The recommended pilot procedure following an engine failure or loss of main rotor rpm is to execute an autorotative descent.2 Helicopters have critical flight regimes, from which the possibility of establishing a successful autorotation is extremely low.3 The Bell 205 pilot flight manual limitations section specifies these conditions in its height/velocity diagram.4 The height/velocity diagram directs pilots to avoid operating under specified conditions of altitude and airspeed. However, this direction does not constitute a regulatory limitation for external load operations.5 Helicopters engaged in water bucketing (external cargo) operations routinely operate under these critical conditions.

Analysis

The carbon residue from the burned grease and the absence of grease spatter surrounding the failed end of the main input drive shaft, suggest that it is unlikely that there was a second grease seal failure prior to the accident. The TSB Engineering Branch determined that a failure of the main input drive shaft forward coupling was the lead event in the accident sequence. There are two possible scenarios as to why this forward coupling failed:

  • There may have been a progressive failure occurring within the drive shaft coupling that was not or could not have been detected by visual inspection at the time of the grease seal replacement. Operation with less than the normal amount of grease at the time of the seal failure may have accelerated the progression of the coupling failure; or
  • Operation with less-than-normal lubrication at the time of the seal failure may have damaged the drive shaft coupling to the extent that it subsequently failed.

The helical scoring and wear damage on the splined end of the main input drive shaft indicated that it had been spinning inside the coupling prior to impact, the result of which was a decoupled engine that was no longer driving the rotors. Because the engine was no longer driving the main rotor, the rotor rpm began to decay with a corresponding low rotor rpm warning and subsequent loss of lift.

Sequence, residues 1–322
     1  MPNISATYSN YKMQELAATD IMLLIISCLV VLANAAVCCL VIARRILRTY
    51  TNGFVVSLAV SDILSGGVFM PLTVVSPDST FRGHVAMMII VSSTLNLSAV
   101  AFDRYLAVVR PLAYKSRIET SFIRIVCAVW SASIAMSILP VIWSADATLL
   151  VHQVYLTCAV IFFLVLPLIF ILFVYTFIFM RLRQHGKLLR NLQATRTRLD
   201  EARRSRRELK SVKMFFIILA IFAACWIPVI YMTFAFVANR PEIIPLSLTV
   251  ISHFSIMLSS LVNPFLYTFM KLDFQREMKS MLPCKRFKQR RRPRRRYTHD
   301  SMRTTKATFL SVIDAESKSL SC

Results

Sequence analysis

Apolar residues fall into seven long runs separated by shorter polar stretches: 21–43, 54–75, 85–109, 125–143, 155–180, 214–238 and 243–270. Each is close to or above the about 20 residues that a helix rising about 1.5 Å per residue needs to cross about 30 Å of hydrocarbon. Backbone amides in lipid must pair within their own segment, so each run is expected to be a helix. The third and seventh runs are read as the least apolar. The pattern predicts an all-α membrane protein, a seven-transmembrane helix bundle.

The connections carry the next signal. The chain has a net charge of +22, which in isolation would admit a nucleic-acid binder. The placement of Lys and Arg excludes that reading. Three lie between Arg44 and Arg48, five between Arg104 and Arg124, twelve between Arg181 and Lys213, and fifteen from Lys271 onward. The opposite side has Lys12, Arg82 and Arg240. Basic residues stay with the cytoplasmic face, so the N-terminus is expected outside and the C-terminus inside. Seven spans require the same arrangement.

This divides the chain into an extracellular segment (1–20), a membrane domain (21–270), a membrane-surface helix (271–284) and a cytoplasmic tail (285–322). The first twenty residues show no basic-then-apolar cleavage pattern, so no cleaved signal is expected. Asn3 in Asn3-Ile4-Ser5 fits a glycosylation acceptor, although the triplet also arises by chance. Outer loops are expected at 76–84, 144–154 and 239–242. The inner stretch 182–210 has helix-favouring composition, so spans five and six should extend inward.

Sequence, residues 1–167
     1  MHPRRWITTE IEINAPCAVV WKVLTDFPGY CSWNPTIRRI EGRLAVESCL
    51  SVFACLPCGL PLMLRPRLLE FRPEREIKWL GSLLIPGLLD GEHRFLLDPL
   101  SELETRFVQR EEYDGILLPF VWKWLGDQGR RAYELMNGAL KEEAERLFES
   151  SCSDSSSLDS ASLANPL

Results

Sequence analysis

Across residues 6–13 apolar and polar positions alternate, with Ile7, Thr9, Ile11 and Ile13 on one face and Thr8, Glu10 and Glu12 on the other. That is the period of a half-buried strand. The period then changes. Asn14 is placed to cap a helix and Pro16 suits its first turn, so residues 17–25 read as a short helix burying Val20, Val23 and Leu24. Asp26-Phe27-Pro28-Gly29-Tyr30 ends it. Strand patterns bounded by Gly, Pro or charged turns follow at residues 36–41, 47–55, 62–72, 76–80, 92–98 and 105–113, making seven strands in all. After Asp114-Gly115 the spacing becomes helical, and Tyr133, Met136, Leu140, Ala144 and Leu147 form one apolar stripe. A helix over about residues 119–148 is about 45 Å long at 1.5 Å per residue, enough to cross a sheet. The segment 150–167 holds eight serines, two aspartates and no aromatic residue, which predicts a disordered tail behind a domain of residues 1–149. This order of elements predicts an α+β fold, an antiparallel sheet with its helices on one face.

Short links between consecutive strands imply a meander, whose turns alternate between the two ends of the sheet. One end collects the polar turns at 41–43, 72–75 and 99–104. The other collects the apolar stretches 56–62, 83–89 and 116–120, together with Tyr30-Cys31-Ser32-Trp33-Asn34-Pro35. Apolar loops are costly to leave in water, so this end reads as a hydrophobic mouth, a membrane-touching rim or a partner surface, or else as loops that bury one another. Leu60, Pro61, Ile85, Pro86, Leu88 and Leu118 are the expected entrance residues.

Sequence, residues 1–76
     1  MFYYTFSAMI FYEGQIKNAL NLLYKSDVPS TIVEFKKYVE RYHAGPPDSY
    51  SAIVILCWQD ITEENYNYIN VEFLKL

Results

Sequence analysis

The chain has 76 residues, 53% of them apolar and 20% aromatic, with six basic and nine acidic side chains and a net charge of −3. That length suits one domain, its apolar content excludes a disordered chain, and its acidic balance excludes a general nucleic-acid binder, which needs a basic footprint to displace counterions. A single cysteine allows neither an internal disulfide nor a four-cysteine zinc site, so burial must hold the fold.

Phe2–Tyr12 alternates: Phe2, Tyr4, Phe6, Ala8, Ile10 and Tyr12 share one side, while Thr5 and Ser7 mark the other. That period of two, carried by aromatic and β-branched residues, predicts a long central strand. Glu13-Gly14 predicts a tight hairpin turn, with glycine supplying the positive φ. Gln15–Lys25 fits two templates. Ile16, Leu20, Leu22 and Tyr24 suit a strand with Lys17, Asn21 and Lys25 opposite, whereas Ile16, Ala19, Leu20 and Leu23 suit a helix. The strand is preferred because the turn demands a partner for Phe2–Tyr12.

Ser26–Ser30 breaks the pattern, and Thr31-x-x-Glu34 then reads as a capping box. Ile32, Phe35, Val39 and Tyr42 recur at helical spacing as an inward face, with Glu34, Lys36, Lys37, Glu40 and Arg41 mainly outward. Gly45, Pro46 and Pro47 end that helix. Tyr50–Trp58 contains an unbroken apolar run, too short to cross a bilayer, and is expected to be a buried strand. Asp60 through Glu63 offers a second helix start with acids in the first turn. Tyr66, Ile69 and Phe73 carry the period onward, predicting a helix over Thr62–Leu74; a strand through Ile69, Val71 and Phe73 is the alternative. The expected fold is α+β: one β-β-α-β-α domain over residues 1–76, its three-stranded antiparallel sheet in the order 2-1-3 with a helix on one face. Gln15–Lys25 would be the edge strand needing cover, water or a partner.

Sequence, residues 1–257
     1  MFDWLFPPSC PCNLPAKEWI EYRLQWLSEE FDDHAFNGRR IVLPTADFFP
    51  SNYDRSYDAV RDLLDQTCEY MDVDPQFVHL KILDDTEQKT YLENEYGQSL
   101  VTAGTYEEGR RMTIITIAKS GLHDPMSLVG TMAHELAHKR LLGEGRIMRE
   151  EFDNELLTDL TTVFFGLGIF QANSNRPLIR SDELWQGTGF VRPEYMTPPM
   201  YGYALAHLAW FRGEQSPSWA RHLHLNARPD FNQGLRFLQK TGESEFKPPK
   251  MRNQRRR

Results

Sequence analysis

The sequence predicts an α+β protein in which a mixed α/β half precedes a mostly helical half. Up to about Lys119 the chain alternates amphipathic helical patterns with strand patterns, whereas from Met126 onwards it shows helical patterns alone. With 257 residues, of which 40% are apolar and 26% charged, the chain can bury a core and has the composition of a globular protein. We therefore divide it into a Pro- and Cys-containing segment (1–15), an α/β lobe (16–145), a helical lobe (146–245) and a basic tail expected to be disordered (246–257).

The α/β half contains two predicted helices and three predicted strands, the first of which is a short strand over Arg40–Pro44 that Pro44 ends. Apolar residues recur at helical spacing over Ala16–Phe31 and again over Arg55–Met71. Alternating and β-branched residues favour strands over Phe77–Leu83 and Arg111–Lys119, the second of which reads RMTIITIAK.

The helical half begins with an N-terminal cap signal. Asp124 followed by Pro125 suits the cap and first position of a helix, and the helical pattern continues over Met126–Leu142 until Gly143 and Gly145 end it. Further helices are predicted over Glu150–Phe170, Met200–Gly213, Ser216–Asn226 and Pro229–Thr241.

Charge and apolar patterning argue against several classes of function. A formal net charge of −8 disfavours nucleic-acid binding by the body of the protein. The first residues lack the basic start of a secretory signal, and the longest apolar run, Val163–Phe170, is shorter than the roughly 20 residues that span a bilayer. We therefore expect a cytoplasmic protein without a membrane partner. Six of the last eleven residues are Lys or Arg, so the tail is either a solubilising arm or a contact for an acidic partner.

Because the decoupling occurred at an altitude of 150 feet and at an airspeed of less than 40 knots, the helicopter was operating in a flight regime from which the likelihood of establishing a successful autorotation was low.

The height velocity diagram of the Bell 205 helicopter is contained in the limitations section of the pilot's flight manual, as are the conditions attached to the limitation. Helicopters engaged in external load operations are not limited by the diagram. Consequently, pilots operating the Bell 205 helicopters in external load operations are exposed to a heightened level of risk because the potential to recover from a malfunction, such as power and drive train failure, is significantly reduced.

The following TSB Engineering Branch Report was completed:

  • LP 067/02 - Drive shaft Assembly Bell 205A-1, C-FPAZ.

Findings as to Causes and Contributing Factors

  1. The main input drive shaft of the helicopter failed at the forward coupling, most likely as a result of a progressive failure or damage that was not detected at the time of the grease seal replacement.
  2. Failure of the main input drive shaft decoupled the engine from the transmission, which resulted in a decrease in main rotor rpm and a rapid rate of descent that continued until the helicopter collided with the terrain.
  3. The main input drive shaft failure and subsequent descent occurred at an altitude and flight regime from which a successful steady state autorotation could not be achieved.

Findings as to Risk

  1. Helicopter pilots engaged in external load operations with Bell 205 helicopters are not limited by the restrictions specified in the height velocity diagram and are, therefore, exposed to a higher level of risk than are helicopter pilots who are not operating in this flight envelope.

This report concludes the Transportation Safety Board's investigation into this occurrence. Consequently, the Board authorized the release of this report on 08 October 2003.


1. All times are central standard time (Coordinated Universal Time [UTC] minus six hours).

2. Bell 205 Pilot's flight manual, Section 3, "Emergency Procedures".

3. Dynamics of Helicopter Flight, Saunders 1975.

4. Bell 205 Pilot's flight manual, Section 2, " Limitations".

5. Bell 205 Pilot's flight manual, Supplement for External Cargo Operation, Section 2, page 5, 3rd paragraph.